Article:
Brevard Concrete Paving started small, with one truck and trailer, and the firm’s initial projects were jobs such as the installation of residential kerbs, pedestrian walkways and driveways. Soon, the firm had branched out to include paving filling station areas and work for the Florida Department of Transportation.
As the firm grew, the projects it was asked to complete continued to grow in size and complexity, which meant the types of equipment to build them also needed to expand.
Brevard Concrete poured kerbing for a few years using two Power Curber 150 Extruders that were bought in 2017 and 2019. Then, as needs grew, the firm ordered a 5700-D curb and gutter machine that was delivered in 2020. It was immediately put into service, and in 2021, the company slipformed nearly 24,400 linear metres of kerb with it. As the work expanded even further and the company realised it needed an additional tool, a Power Curber 7700 Multipurpose Machine was ordered.
The firm won the contract to expand an aircraft taxiway at what used to be Patrick Air Force Base. Located a little south of the famous Cape Canaveral rocket launch area, the base is now Patrick Space Force Base, one of six active installations of the new service branch. Patrick was originally a Naval Air Station that opened in 1940 and urned over to the Air Force in 1948. The recent change in status for the installation meant that improvements were needed to increase capacity.
Brevard’s work on the taxiway called for 2,354m³ of concrete, poured 584mm thick. The extreme paving depth required careful planning and preparation, including steel forms.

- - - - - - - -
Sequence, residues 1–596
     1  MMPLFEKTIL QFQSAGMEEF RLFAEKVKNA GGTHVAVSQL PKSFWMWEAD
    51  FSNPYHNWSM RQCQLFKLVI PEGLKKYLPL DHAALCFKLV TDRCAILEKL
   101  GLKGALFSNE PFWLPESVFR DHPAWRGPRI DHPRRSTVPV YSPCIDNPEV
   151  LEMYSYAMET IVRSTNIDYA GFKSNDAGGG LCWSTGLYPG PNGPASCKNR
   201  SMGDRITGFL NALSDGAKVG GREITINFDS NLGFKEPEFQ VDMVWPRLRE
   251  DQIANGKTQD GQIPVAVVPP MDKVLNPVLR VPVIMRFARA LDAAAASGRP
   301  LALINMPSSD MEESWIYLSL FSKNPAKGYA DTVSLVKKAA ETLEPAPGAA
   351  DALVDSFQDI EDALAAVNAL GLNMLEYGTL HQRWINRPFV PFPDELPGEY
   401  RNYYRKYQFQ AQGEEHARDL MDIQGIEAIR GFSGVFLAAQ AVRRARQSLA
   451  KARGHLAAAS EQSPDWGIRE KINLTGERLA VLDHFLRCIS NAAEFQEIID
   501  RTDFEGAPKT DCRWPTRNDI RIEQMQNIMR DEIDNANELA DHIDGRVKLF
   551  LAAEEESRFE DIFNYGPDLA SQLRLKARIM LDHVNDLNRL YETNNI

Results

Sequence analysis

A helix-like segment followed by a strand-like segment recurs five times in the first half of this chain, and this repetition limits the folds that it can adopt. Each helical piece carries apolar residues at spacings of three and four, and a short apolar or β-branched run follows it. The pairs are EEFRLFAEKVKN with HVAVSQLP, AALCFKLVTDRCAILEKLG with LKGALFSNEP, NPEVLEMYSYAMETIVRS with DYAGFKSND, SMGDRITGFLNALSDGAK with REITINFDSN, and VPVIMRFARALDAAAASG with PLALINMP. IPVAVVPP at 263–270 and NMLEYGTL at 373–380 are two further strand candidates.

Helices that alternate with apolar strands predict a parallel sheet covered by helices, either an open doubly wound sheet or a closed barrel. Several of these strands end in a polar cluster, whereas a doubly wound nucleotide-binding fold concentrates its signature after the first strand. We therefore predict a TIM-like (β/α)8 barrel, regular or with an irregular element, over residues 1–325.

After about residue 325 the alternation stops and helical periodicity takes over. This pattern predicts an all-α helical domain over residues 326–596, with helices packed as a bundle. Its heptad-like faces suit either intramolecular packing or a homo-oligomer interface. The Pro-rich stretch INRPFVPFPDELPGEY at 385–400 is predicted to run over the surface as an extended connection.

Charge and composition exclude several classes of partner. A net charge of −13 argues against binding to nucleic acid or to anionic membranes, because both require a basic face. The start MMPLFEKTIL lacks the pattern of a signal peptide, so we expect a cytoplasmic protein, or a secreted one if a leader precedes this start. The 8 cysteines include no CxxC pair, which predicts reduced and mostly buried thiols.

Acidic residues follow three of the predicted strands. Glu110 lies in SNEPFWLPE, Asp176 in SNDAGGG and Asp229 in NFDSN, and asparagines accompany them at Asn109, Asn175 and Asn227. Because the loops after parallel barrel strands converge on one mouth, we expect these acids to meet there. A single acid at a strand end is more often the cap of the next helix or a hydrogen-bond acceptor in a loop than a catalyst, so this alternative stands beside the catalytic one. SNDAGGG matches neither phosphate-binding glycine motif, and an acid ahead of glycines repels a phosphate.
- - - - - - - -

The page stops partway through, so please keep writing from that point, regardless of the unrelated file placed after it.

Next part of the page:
The firm had two months to complete the project and would pave around two times/week, with a total of ten pours. The firm would pave 6m sections, pour 6m, skip 6m and then pave the next 6m. Work started at 6am and continued until 10am.
The next Brevard project for their 7700 was another airport facility, Vero Beach Regional Airport, about 115km south of Cocoa. A few years earlier, Brevard had completed a ramp for the airport and the new job was phase two of that project. Some 4,707m³ of concrete were slipformed in 4.6m-wide sections. The firm had a total of 18 pours, each 206m long. Ultimately, the new ramp will have hangars built around it and planes will use the ramp to access the taxiway to runways.
Getting the ramp finished and in operation quickly was critical for the client, so the construction contract included a penalty of ten thousand dollars per day in liquidated damages for each day the project was late. Brevard completed around 274m/day, starting at 4am and finishing around 10am, with machine pours every Monday, Wednesday and Friday, with Saturday as a backup. And they completed the project on time.
Even as that project was ongoing, other customers were lining up for Brevard’s 7700. Another Florida concrete contractor had a complex project in the area with two types of heavy-duty barrier sections. But it lacked the right equipment to handle the task. They contacted Power Curbers and learned only one company in the area had a big enough machine for the job: Brevard Concrete Paving.
The overall job was a regional stormwater treatment facility. Brevard’s part involved constructing a triangular-shaped concrete barrier, 914-1,220mm tall and 2.1m wide at the base. The company slipformed 488m of the full width profile barrier and 1.2km of a half-width profile.
According to Brevard, the versatility of the equipment from Power Curbers has played a key role in the success of these projects, particularly the difficult airport works. Another key aspect for the contractor has been the support from Power Curbers, providing training and servicing as required.